Ambassador Raff Bukun-Olu Onemola

Ambassador/Deputy Permanent Representative

Permanent Mission of Nigeria to the United Nations

New York, NY

15th November, 2010

As Delivered

I would also like to convey our appreciation to you, Mr. President, for convening this debate. I thank the Permanent Representatives of Turkey, Mexico and Austria for their useful briefings on the activities carried out by their respective Committees and teams.

 We are pleased with the efforts of the Committee established pursuant to resolution 1373 (2001), under the direction of Ambassador Apakan, in ensuring the effective implementation of that resolution and resolution 1624 (2005). Through the effective use of tools such as informative meetings with the wider United Nations membership, dialogue and cooperation with Member States and external outreach programmes, the Committee has contributed significantly to raising awareness on the need to implement those resolutions.

 We have found very useful the ongoing constructive dialogue between our Mission, our capital and the Counter-Terrorism Committee Executive Directorate (CTED) on counter-terrorism matters. These interactions and political consensus with our Government have bolstered our counter-terrorism activities. We thank Mr. Mike Smith, Executive Director of CTED, and his team for their support and efforts.

 We welcome the discussions in the Committee on the progress and challenges facing West Africa in the implementation of resolution 1373 (2001). We all now have a better understanding of the current threats and challenges in the sub region. We should now aim to address the identified gaps. With regard to capacity building, we are of the view that more will be achieved by delivering assistance in an integrated manner through equal focus on all relevant national sectors. At the same time, we will need a self-sustaining knowledge transfer aimed at bridging the existing knowledge gap.

 The Economic Community of West African States (ECOWAS) is vital in our efforts to promote counterterrorism measures within the West African sub region. That is even more so as counter-terrorism matters increasingly occupy the agenda of West African States, individually and collectively. Our hope is that, in the coming year, the partnership between CTED and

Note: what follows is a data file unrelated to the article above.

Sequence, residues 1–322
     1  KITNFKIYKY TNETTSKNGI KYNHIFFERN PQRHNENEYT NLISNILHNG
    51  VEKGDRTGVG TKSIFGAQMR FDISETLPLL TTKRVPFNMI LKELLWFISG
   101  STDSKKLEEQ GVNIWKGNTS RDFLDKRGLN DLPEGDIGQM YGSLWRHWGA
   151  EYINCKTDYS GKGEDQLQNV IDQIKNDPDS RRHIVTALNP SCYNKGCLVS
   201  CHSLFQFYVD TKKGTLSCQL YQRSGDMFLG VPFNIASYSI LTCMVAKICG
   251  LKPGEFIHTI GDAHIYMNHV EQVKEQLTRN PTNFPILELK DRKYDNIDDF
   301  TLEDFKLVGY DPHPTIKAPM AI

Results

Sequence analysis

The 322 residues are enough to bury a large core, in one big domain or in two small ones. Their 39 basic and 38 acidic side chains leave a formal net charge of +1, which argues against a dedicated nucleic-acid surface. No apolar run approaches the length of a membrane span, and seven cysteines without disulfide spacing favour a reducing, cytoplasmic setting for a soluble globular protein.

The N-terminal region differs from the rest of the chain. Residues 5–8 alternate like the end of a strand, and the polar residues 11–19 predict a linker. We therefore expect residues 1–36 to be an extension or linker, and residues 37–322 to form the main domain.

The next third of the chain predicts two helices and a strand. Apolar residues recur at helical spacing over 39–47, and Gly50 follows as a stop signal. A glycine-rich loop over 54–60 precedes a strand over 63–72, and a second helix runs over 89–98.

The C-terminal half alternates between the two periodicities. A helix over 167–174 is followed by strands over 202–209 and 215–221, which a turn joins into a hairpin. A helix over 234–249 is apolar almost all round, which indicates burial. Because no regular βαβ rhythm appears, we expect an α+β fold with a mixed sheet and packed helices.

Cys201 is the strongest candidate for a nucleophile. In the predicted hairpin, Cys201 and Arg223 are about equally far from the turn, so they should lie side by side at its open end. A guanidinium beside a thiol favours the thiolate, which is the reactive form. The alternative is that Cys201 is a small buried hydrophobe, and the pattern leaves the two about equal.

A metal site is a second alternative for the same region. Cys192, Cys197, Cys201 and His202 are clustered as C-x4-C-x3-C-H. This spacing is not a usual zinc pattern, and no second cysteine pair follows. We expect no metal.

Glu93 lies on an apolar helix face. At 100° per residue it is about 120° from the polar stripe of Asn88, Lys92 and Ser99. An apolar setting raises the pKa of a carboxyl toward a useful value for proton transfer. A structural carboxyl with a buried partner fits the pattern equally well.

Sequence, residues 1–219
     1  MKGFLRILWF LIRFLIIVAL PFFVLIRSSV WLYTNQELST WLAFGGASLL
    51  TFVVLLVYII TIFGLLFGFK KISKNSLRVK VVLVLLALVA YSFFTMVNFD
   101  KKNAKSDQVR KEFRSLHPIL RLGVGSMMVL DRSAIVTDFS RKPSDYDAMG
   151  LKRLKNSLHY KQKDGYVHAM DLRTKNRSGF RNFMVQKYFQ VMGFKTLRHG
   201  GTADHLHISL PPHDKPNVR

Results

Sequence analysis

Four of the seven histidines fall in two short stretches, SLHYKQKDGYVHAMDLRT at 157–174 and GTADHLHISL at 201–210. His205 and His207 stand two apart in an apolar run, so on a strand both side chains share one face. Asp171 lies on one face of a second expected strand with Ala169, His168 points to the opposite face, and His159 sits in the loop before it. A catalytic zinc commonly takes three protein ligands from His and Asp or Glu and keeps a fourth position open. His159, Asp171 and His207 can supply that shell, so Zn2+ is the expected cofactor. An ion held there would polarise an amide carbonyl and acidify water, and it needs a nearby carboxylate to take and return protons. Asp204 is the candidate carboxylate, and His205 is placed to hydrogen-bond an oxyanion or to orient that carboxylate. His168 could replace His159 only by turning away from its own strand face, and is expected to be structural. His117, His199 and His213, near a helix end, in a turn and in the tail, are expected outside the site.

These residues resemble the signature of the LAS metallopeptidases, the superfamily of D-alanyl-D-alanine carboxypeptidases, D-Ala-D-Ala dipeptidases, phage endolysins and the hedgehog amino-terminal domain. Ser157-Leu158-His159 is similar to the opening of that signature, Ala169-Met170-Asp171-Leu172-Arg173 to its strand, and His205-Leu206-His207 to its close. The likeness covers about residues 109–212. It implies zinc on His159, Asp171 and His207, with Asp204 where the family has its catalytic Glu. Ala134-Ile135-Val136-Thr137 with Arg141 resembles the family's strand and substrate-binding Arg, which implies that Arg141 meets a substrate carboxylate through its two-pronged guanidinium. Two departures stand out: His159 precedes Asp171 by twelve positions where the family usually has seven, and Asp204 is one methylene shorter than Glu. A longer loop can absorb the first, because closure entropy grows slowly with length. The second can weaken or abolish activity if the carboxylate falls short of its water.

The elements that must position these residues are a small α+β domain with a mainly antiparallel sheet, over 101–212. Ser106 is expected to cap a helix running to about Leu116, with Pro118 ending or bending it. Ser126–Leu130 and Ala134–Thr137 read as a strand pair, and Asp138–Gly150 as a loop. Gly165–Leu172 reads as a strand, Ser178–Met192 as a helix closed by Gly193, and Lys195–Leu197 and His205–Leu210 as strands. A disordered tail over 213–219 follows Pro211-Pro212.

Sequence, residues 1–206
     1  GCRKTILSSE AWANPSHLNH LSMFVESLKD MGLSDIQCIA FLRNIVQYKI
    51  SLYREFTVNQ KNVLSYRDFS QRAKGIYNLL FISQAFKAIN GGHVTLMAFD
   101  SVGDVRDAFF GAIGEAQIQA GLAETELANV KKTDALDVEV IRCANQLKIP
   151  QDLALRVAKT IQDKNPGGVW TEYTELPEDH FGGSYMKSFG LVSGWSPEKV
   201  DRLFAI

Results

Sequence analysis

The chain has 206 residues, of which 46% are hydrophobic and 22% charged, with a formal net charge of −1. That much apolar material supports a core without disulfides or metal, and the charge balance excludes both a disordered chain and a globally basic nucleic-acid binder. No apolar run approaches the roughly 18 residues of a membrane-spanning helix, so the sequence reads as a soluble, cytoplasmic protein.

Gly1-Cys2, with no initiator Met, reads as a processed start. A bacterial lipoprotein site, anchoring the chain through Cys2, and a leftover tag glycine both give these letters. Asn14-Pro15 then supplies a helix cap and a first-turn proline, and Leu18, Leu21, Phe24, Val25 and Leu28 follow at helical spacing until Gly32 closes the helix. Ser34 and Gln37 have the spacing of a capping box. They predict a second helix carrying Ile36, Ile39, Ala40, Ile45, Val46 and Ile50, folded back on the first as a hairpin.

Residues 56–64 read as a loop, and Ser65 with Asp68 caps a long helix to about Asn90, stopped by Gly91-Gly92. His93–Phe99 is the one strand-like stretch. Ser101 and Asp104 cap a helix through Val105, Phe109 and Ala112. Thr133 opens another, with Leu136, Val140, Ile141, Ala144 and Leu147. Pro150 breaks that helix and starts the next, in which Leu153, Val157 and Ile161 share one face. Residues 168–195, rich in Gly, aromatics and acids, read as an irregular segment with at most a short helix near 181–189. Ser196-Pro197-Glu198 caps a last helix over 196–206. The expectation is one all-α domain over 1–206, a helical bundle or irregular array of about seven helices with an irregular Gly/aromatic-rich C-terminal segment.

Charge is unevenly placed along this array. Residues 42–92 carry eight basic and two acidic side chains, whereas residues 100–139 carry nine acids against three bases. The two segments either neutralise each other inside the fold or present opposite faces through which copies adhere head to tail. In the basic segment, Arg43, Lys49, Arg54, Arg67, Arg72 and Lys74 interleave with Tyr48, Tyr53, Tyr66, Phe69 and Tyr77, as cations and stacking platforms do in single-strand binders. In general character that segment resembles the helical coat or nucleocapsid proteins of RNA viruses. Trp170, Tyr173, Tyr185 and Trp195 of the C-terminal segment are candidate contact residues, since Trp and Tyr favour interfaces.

ECOWAS will result in concrete achievements.

 The Committee established pursuant to resolution 1540 (2004) remains a vital tool that enables the international community to prohibit non-State actors access to weapons of mass destruction. Nigeria strongly supports the work of the Committee and appreciates the efforts made by Ambassador Heller and the Committee, particularly in improving outreach programmes and greater visibility for the Committee. The clearing house role of the Committee in matching assistance requests and offers needs to be sustained, so as to promote greater implementation of the resolution by States.

 As its work continues to grapple with the increasing challenge of the proliferation of weapons of mass destruction, the Committee should not relent in its efforts to assess and monitor the risk of these weapons falling into the hands of non-State actors. Promoting the broader process of international cooperation should continue to be an area of focus for the Committee.

 We welcome the remarkable contributions of the Committee established pursuant to resolution 1267 (1999) under the directorship of Ambassador Thomas Mayr-Harting. The conclusion of the review of the 488 names on the consolidated list, in accordance with

Security Council resolution 1822 (2008), and the appointment of Ms. Kimberly Prost as the Omnbudsperson are positive steps.

 We further welcome the efforts of the Committee to improve its procedures, including by adopting new guidelines for its work. In the same vein, the six-month review of deceased persons’ names and the annual review of names on the consolidated list that have not been reviewed in three or more years are commendable. These measures should be strengthened through regular improvement of the identification and de-listing process of individuals and entities, as this will enhance the credibility of the 1267 sanctions regime. It is important that, at all times, the list remain as accurate as possible, and the fundamental rights of individuals adequately guaranteed.

 We welcome the close cooperation and coordination among the three counter-terrorism Committees. We encourage them to continue their joint efforts to improve information-sharing, to coordinate their relationship with international, regional and subregional organizations and to participate within the framework of the Counter-Terrorism Implementation Task Force.